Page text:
The federal government has also warned that non-essential travel outside of Canada must be avoided.
As the vaccines continue to roll out and coronavirus levels potentially start to lower in the country, many Canadians may be itching to hop on a plane for a much-needed vacation, or even cross the border into the United States to see friends or family.
But Deonandan said that if other nations can’t innoculate their citizens, then the coronavirus will continue to spread, and travelling may be impossible.
“There’s no such thing as a hermetically sealed nation that no infection seeps into,” he explained. “Even the countries that have isolated themselves, like Australia and New Zealand, they monitor their borders very, very carefully and they’re always finding coronavirus cases.”
As of Thursday, there have been more than 74 million cases of COVID-19 worldwide, and the numbers are continuing to grow. The virus that has killed more than 1.6 million people has exposed vast inequities between countries, as fragile health systems and smaller economies were often hit harder.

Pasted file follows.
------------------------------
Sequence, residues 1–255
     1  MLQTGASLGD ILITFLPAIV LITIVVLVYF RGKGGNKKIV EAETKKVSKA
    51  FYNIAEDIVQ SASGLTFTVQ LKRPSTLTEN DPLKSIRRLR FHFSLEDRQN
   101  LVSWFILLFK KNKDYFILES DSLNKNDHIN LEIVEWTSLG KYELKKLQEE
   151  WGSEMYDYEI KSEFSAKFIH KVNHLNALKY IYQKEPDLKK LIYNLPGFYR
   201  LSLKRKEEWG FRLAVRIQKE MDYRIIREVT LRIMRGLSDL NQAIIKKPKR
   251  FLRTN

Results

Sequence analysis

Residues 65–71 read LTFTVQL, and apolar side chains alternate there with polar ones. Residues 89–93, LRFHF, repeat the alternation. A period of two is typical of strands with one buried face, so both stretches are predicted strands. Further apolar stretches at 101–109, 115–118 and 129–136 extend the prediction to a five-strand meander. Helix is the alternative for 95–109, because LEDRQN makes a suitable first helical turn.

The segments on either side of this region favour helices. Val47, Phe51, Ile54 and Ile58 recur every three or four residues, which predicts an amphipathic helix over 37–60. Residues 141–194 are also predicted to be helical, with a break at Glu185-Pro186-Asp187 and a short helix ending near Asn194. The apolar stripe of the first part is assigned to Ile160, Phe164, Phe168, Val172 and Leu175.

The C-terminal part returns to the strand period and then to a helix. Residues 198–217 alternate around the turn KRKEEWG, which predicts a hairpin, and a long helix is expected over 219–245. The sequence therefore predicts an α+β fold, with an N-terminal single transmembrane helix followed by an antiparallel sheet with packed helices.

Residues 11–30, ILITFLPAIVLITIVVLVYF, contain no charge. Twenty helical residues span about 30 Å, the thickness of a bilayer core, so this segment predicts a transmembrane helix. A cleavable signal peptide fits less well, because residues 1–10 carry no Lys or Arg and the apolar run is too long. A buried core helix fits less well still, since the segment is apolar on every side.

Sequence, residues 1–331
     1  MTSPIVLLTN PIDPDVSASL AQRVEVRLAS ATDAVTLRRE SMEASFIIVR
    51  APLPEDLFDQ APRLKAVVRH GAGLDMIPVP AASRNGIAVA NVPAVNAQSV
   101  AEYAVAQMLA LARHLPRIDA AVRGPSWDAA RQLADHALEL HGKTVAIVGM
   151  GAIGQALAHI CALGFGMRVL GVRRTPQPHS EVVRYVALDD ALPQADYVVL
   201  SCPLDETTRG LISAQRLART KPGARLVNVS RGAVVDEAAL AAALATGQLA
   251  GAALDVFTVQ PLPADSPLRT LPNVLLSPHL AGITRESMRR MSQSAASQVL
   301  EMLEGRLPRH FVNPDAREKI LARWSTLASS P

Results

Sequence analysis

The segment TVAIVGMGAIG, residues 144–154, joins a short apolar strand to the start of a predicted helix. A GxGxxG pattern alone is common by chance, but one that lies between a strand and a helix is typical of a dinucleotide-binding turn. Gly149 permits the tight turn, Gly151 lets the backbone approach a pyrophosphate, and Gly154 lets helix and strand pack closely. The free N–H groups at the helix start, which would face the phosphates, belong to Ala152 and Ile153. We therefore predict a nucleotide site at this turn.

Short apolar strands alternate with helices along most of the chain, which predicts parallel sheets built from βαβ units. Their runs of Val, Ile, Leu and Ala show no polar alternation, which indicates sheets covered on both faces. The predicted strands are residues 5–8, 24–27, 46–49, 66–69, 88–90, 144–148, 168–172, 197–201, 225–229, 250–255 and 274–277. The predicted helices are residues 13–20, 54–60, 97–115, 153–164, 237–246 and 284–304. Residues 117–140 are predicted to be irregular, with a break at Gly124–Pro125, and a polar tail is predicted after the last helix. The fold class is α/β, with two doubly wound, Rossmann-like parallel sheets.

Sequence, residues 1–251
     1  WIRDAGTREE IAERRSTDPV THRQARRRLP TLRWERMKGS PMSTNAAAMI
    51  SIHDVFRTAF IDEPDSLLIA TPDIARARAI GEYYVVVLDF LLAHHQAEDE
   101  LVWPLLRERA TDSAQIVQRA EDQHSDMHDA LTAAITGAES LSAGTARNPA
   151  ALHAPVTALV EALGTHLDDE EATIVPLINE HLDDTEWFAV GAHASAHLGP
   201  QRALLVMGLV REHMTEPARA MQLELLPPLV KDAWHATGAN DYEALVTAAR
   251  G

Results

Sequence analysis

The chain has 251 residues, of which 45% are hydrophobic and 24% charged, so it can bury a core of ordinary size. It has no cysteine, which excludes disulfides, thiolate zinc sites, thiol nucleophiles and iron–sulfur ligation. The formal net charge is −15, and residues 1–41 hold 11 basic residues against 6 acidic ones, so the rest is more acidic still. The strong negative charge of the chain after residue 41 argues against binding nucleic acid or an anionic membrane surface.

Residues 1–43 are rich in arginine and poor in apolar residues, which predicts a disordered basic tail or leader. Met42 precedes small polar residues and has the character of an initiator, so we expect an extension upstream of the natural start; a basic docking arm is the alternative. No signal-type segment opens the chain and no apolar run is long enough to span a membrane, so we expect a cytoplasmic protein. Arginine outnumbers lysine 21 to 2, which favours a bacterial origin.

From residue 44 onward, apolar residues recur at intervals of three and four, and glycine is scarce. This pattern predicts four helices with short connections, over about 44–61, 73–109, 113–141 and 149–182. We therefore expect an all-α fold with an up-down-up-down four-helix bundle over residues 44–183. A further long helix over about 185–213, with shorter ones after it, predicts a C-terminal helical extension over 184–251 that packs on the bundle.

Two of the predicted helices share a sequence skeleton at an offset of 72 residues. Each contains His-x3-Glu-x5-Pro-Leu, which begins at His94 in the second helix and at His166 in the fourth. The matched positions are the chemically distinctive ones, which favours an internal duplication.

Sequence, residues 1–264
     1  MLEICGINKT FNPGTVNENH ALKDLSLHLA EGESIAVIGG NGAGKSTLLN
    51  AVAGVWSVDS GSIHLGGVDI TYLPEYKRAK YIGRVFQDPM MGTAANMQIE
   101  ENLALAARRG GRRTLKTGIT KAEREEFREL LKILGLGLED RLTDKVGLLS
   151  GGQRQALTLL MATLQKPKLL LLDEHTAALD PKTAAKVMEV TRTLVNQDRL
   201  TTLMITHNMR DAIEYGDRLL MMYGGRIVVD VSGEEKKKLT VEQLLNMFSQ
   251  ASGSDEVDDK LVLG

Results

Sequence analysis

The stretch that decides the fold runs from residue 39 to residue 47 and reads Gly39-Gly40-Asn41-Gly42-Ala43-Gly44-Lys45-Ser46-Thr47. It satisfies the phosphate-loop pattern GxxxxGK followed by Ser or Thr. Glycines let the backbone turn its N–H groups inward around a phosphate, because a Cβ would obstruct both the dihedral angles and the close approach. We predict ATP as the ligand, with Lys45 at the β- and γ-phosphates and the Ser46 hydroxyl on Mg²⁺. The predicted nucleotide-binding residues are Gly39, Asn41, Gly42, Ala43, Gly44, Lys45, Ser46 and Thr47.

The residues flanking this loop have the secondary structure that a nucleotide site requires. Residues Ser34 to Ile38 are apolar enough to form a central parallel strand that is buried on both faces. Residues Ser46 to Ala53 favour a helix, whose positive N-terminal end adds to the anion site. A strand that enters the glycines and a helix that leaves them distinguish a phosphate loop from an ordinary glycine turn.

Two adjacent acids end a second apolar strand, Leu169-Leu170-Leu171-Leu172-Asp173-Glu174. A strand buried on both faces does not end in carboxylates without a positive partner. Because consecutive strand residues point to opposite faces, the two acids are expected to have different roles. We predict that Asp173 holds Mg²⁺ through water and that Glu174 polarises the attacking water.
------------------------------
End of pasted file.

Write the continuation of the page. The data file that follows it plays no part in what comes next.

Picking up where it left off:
And many low-income nations lack the funds, resources and infrastructure to efficiently roll out a coronavirus vaccine.
Their best chance of receiving a COVID-19 vaccine is through the COVAX initiative, led by the World Health Organization. But the initiative has secured only a fraction of the two billion doses it hopes to buy over the next year, has yet to confirm any actual deals to ship out vaccines and is short on cash.
Gould said Canada is pushing for other nations to contribute more to the COVAX initiative, as there is still $4.8 billion to raise in order to make advance purchase agreements with pharmaceutical companies.
She warned that if the vaccines do not reach people around the world, not only will it cause inequity in healthcare in poor nations, but also it could lead to a continued border closure in Canada.
“We can do everything here at home to protect ourselves from COVID-19, but we don’t want to keep our borders closed in the long-term. We want to be connected to the world,” Gould said. “And so that’s why having this international mechanism to try and address these challenges is so important.”
Everyone needs access to a vaccine
According to a recent report, nine out of 10 people in 70 low-income countries are unlikely to be vaccinated for the virus in 2021 because the majority of the most promising vaccines have been bought up by the West.